It’s not uncommon for people to say “I don’t like that word — it’s overused.” For example, I think the word “synergy” may have gotten burned out back in the 90s or so. Words like “strategy” and others are today’s victims.
It is important to be original. We should continually be coming up with new ways of saying important things. That not only keeps things interesting, but also advances thinking and stimulates new ideas.
Let’s just not forget that the concepts behind the words that we feel are over-used usually remain valid and significant. Don’t let the concepts be devalued in your mind because you don’t like hearing the words again and again.
And if the bulk of things in your life need to be new in order to be meaningful, you are going to get exhausted. Because even the concept of “newness” can become old. Avoiding cliches can become cliche.
And in the meantime, you’ll also be left with a reduced vocabulary for communication. Buzzwords came to exist for a reason: they do communicate something. Every field has its jargon — the medical field, sports, the business world, the world of work. Without buzzwords, there are certain things that are going to be more complicated to explain, wasting time.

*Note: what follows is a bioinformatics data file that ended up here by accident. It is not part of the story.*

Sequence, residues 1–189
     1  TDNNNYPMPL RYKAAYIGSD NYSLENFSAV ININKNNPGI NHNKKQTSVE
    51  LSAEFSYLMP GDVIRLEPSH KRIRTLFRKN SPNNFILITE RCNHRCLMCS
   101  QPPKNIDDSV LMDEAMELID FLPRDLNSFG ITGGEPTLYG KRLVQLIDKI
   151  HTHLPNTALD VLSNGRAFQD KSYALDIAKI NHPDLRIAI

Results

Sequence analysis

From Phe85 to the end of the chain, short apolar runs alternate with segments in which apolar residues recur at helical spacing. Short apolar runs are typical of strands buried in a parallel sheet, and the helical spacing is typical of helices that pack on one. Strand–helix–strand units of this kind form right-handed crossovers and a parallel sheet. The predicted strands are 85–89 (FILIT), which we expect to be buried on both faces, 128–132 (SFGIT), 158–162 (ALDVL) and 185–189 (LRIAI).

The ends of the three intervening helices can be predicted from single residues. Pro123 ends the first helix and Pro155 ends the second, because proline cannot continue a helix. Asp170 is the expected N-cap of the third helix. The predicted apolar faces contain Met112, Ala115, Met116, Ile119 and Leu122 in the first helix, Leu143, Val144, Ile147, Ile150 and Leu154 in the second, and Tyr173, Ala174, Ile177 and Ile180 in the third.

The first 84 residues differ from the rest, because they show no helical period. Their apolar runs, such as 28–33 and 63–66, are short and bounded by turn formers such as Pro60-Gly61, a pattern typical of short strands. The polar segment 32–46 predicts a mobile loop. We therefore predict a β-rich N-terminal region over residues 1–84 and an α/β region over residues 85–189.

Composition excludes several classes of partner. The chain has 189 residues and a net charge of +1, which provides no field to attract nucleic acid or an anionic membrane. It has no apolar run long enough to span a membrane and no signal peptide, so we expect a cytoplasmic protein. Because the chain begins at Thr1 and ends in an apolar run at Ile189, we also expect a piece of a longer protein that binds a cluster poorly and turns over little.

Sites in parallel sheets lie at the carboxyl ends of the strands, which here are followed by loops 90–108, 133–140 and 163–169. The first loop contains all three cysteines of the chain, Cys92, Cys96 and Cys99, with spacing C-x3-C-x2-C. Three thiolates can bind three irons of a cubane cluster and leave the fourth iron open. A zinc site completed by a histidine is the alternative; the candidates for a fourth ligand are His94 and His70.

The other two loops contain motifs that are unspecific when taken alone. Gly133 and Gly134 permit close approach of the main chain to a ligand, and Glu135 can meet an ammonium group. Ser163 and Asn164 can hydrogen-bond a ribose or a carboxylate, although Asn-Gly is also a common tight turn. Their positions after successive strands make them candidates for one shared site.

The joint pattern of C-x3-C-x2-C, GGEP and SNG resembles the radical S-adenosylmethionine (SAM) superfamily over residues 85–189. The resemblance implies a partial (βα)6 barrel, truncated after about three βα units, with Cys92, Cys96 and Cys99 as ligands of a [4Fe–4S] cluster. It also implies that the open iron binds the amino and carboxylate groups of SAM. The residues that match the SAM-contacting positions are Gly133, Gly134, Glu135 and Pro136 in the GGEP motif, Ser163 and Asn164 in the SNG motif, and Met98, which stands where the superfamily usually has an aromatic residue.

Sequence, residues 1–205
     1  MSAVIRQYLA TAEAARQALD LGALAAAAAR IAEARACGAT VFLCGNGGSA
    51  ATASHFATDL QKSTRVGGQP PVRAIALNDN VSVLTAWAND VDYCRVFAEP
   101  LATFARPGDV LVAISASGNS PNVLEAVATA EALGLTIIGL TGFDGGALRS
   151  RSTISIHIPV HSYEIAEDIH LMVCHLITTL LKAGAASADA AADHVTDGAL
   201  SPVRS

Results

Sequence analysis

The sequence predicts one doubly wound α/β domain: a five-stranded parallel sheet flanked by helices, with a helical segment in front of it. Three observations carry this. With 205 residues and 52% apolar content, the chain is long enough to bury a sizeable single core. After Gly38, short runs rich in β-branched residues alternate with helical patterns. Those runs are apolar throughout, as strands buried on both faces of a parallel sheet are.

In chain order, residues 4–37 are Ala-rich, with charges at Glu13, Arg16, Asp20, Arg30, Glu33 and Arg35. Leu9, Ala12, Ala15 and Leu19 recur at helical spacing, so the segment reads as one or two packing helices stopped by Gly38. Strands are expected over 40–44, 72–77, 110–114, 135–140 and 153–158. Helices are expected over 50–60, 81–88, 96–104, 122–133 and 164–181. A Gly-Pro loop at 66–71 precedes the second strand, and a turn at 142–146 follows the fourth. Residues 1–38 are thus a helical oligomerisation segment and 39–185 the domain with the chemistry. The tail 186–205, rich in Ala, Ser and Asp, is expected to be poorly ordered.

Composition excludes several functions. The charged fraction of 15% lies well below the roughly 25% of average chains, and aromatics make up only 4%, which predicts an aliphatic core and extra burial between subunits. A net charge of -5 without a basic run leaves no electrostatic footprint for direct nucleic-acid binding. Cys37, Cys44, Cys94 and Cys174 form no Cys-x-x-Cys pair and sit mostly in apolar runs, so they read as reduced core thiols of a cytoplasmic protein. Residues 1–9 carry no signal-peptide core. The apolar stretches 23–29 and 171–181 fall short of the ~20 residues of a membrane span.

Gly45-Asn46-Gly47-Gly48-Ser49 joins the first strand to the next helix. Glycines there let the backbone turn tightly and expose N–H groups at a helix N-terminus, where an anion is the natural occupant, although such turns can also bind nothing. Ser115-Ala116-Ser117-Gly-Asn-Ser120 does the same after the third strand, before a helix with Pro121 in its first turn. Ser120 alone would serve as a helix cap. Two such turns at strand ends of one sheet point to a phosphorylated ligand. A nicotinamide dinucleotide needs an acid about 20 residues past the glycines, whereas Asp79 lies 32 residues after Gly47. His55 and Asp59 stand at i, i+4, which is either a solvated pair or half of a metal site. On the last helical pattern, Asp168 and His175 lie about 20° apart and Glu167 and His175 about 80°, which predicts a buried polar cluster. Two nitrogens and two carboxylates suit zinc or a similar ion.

Come up with new, un-buzzword-like ways of saying things continually. But you can’t reinvent the whole field of buzzwords at once. You will always have to use them in some way or another.
The problem is when people use buzzwords without really understanding what they mean, as an attempt to appear credible simply because they’ve used a certain word. That’s ugly, and to be avoided. But the intelligent, thoughtful use of a buzzword sometimes is what keeps the ideas clear and facilitates effective conversation. Maybe, when used in that way, they aren’t even buzzwords after all.
This is probably a bit of risky post — it sounds like I’m devaluing the concept of newness and originality. But I’m saying the opposite: namely, let’s make sure we don’t become unoriginal in our opposition to lack of originality.